Many of the settings that have been with the iPhone for years have seen an overhaul with the iOS 6 update, and now have some new features and an altered interface.
Privacy settings have been essential to smartphone use because it integrates more than just phone calls, and social networking and email are built right in. Take a look at the new iPhone privacy settings that are seen in iOS 6 enabled devices.
When you go into the Settings you can find Privacy on the main page now, directly below Brightness & Wallpaper. When you go into Privacy settings you will see that it actually brings together elements of a lot of other features and settings. This is because you actually integrate your privacy settings into a range of different areas so that you can actually control what level of privacy you need. This changes what it means to actually use Privacy settings on the iPhone, and instead this section categorizes things that may be considered Privacy settings by the user. This means that the scope here is larger, but also less specific than before. The format here is really to determine what apps have access to your integrated iPhone features.
At the top of the list is Location Services, and when selected it will take you into this area of the settings. Here you are allowed to turn the Location Services On or Off as a whole, or you can choose to do it for specific applications like Camera, Maps, and Facebook.
Below that will be Contacts, yet this is a much simpler proposition. In this section you simply have On / Off switches to have Facebook and Facebook associated apps tie into your Contacts. This is a strange Privacy choice since it mainly migrates from your Facebook to your Contacts, though it could be an issue for those who require tight privacy protections on their iPhone. Calendars works a similar way and there will be an On / Off switch for apps that could migrate over their Calendars to yours, such as LinkedIn. After that will be Reminders and will list the same On / Off switches about apps that have requested to use Reminders.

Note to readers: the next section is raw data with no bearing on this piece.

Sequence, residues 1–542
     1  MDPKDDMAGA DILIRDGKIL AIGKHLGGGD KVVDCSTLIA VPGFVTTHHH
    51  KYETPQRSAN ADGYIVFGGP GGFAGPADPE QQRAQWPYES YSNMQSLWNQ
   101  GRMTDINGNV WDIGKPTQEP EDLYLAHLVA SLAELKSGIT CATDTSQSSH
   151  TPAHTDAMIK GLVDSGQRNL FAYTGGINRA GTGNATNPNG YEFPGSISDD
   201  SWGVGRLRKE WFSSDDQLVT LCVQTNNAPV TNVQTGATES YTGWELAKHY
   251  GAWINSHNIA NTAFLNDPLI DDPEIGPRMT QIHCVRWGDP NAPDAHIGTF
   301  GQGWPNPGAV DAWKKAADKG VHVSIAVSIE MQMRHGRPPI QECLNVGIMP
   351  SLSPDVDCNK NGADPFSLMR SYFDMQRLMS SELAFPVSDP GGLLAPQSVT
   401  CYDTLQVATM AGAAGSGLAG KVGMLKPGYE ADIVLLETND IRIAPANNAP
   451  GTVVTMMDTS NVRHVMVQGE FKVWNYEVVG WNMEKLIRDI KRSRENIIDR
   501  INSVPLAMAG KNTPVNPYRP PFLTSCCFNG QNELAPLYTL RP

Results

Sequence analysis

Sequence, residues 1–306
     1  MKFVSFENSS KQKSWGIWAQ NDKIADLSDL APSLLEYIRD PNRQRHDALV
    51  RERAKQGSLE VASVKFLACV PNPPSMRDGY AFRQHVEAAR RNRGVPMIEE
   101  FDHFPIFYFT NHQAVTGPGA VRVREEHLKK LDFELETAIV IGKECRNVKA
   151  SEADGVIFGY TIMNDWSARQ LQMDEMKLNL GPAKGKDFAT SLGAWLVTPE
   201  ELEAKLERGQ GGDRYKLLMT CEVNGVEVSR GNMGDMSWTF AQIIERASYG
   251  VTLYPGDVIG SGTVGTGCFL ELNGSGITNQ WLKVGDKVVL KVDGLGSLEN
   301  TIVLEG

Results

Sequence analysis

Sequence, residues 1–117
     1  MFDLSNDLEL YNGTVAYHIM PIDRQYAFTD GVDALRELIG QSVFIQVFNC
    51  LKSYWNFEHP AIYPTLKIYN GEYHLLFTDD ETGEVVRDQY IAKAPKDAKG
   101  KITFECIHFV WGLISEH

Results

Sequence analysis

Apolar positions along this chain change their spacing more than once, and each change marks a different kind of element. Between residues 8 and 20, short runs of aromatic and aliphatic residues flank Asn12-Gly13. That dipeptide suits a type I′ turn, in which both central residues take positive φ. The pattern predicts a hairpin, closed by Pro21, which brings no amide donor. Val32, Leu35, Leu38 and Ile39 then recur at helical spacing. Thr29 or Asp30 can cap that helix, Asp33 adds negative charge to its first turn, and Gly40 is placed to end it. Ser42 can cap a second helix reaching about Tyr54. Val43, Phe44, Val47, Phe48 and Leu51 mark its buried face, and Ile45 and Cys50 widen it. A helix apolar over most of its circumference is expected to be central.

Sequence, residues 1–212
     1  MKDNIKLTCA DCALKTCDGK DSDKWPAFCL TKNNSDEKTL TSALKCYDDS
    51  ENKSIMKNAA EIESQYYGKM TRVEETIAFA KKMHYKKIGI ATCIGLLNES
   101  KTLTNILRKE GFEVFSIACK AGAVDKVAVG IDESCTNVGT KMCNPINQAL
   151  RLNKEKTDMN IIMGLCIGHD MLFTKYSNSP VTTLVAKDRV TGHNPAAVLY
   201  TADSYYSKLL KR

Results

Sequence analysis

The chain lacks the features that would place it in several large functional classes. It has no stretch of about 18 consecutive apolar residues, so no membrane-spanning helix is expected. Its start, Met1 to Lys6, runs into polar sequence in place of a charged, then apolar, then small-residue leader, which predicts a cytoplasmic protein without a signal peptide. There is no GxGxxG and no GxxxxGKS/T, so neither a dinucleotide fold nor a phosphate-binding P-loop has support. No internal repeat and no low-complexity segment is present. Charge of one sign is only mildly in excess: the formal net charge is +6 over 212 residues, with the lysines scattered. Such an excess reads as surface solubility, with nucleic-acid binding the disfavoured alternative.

The same set up is true for Photos, yet here may be even a little more pointed. Many apps actually do have access to your images in Photos, such as Instagram and Facebook. This allows you to work back and forth between Photos and your social networking tools. You can again turn these On or Off; though keep them on if you use them regularly. Below that will be a Bluetooth section that will let you turn On or Off connections between apps that are attempting to use Bluetooth. At the very bottom of the list will be options for both Twitter and Facebook, as they are built into the iOS 6.